I immediately looked to my female coworker to gauge her response. I didn't know what level of friendship that these two had. The military is obviously male-dominated as will its humor. When I looked at her, I could tell that they weren't that type of friends. In that amount of time, he had already walked off. I kinda looked at her and said, "What the fuck?", and that was the last of it...
Until 3 hours later and I was at home and received a call from my Senior Chief. He said to me as soon as I answered the phone, "Separation, ya got one chance, to be honest". I told him I immediately knew what he was talking about and would be glad to help out in any way that I could. So we went over the day's events, how the guy said what he said to her, and I looked at her for some sort of signal that they were on that type of level with each other, and that by the time I did realize they weren't, he had walked off.
I was told to report in immediately to his office. He then proceeded to give me the ass chewing of my lifetime. I knew what the guy had said was wrong, and I should have chased him down and chewed his ass out or at least report it to a supervisor. He also proceeded to tell me that I was just as liable for doing nothing as what the guy said. I told my Senior Chief that I was willing to help out in any way I could and that I did not have any doubt in my mind that I was going to be brought up on charges as well.
In the end, though, I was written up for it. Which I totally deserved. I was a witness for the Court Marshall of the male, it turns out that once she said something 2 other women in the shop spoke up as well.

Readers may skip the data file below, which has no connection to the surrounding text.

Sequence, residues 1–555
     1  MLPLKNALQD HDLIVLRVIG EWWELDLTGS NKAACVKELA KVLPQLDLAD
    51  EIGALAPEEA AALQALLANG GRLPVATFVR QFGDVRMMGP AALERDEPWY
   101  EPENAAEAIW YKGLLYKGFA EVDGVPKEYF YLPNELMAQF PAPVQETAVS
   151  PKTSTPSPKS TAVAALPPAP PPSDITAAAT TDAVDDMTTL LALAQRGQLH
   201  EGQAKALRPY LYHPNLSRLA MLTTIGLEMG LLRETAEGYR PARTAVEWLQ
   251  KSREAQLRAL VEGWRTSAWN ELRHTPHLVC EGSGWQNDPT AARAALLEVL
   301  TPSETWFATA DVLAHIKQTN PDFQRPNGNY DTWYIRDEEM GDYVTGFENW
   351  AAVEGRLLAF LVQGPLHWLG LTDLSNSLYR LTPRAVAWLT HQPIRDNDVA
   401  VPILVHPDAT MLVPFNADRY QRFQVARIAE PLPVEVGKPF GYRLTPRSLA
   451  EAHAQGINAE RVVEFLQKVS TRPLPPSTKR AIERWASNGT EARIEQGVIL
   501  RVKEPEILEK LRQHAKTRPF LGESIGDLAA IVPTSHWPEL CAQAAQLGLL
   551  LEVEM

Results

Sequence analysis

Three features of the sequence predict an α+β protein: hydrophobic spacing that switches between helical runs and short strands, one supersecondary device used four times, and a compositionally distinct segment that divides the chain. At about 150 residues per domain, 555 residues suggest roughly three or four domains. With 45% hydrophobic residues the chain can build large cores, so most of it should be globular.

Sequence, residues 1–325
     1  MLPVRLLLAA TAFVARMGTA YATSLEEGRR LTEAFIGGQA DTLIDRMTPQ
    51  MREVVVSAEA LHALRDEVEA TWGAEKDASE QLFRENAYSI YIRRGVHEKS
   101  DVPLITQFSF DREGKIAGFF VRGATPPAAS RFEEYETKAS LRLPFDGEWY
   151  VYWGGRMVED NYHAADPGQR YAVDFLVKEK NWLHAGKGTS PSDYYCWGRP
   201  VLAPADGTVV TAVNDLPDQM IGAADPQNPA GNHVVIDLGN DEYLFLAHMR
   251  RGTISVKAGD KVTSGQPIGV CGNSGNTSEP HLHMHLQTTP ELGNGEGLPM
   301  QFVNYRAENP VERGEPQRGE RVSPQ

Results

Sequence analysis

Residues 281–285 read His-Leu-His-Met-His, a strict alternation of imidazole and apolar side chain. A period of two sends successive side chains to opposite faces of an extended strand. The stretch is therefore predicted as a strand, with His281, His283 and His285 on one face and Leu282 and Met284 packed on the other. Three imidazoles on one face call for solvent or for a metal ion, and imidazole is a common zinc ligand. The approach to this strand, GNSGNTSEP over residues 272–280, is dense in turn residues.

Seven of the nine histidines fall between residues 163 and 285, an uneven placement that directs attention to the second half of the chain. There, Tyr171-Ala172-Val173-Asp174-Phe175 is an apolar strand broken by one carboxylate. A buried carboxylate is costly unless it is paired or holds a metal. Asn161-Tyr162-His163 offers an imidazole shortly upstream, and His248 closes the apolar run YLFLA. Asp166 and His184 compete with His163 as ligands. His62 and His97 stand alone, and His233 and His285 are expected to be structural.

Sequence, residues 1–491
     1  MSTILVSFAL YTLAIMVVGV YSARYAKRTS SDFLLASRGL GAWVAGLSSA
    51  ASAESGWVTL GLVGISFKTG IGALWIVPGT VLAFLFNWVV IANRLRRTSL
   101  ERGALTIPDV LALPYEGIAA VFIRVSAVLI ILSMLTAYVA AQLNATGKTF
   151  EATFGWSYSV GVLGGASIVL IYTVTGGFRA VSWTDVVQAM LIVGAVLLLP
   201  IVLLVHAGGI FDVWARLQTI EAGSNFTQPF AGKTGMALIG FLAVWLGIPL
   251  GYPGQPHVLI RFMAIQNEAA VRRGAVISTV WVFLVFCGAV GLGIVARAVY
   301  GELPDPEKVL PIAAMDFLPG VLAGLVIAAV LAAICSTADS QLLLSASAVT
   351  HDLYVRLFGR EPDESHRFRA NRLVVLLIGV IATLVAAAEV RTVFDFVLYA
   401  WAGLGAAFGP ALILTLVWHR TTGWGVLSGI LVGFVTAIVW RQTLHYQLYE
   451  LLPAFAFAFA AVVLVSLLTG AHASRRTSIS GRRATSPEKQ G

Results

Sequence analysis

It's not something that I'm proud of. I let a fellow sister in arms be treated like shit without correcting the problem, and for that, I could only atone to my fellow sister in arms, who immediately accepted my apology.
I guess my message is to the other men out there is. It can happen and happen fast, we can no longer be silent on the sidelines.
Source: NBC News
Law enforcement sources said they began trailing Carballido Thursday after being informed of an armed home invasion earlier in the day in which he performed a lewd act on a man. At about 8 p.m., he began firing at police from his vehicle near the intersection of Northwest 72nd Avenue and Seventh Street.
The intense gunfire was captured on cellphone video by a woman on the balcony of an apartment overlooking the crime scene.
Mid-morning Friday, Miami police were knocking on the door of a home in the 8600 block of Southwest 34th Terrace. Police, who had not officially released Carballidos name, said they were trying to notify his next of kin about the mans death.
Read more: https://www.policeone.com/federal-law-enforcement/articles/481073006-Video-Man-shooting-AK-47-at-cops-killed-in-wild-shootout/
Just another night in America.
This site has been hack twice during high profile incidents. The first was during the election, and the second time was a script attack when Mueller was announced as lead investigator.
Even if im just being a tad paranoid, it's always good to change your password every 90 days at most.
One side of America now hates and distrusts the other side that now anything that ever happen will now be suspect as partisan foul play.